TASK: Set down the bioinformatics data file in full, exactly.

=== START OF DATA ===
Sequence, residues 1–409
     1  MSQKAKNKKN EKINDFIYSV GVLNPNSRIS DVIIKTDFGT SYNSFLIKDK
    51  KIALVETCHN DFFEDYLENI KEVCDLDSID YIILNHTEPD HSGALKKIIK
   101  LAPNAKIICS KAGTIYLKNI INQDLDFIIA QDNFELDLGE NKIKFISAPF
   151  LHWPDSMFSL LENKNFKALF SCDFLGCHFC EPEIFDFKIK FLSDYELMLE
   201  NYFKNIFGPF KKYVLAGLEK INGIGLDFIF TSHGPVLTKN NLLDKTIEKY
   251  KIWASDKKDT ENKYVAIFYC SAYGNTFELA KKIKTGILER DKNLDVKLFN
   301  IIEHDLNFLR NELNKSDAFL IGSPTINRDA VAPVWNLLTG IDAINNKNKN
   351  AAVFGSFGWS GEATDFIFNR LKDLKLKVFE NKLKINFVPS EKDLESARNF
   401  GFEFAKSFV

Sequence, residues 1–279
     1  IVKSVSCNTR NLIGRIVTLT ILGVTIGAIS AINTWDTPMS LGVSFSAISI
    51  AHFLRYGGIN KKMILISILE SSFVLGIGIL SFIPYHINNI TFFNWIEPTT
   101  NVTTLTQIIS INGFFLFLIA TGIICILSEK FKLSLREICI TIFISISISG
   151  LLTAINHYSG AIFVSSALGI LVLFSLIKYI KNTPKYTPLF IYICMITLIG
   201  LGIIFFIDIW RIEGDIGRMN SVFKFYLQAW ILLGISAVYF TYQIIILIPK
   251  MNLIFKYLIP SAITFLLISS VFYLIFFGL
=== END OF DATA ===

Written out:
Sequence, residues 1–409
     1  MSQKAKNKKN EKINDFIYSV GVLNPNSRIS DVIIKTDFGT SYNSFLIKDK
    51  KIALVETCHN DFFEDYLENI KEVCDLDSID YIILNHTEPD HSGALKKIIK
   101  LAPNAKIICS KAGTIYLKNI INQDLDFIIA QDNFELDLGE NKIKFISAPF
   151  LHWPDSMFSL LENKNFKALF SCDFLGCHFC EPEIFDFKIK FLSDYELMLE
   201  NYFKNIFGPF KKYVLAGLEK INGIGLDFIF TSHGPVLTKN NLLDKTIEKY
   251  KIWASDKKDT ENKYVAIFYC SAYGNTFELA KKIKTGILER DKNLDVKLFN
   301  IIEHDLNFLR NELNKSDAFL IGSPTINRDA VAPVWNLLTG IDAINNKNKN
   351  AAVFGSFGWS GEATDFIFNR LKDLKLKVFE NKLKINFVPS EKDLESARNF
   401  GFEFAKSFV

Sequence, residues 1–279
     1  IVKSVSCNTR NLIGRIVTLT ILGVTIGAIS AINTWDTPMS LGVSFSAISI
    51  AHFLRYGGIN KKMILISILE SSFVLGIGIL SFIPYHINNI TFFNWIEPTT
   101  NVTTLTQIIS INGFFLFLIA TGIICILSEK FKLSLREICI TIFISISISG
   151  LLTAINHYSG AIFVSSALGI LVLFSLIKYI KNTPKYTPLF IYICMITLIG
   201  LGIIFFIDIW RIEGDIGRMN SVFKFYLQAW ILLGISAVYF TYQIIILIPK
   251  MNLIFKYLIP SAITFLLISS VFYLIFFGL